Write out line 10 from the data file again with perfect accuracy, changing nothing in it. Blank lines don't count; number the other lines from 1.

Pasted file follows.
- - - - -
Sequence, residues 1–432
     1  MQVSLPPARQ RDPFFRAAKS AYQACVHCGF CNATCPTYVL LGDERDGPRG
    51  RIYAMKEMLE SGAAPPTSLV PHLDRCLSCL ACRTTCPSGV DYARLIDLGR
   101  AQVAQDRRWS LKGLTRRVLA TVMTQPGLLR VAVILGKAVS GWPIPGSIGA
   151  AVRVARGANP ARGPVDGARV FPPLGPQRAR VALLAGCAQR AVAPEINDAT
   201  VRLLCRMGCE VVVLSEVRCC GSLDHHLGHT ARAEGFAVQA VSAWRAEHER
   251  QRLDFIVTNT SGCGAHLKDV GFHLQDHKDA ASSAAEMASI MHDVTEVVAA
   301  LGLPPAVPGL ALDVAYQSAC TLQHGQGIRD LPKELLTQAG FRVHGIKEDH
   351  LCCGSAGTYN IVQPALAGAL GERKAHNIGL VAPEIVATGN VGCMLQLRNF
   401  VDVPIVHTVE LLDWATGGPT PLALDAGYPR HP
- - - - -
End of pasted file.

   401  VDVPIVHTVE LLDWATGGPT PLALDAGYPR HP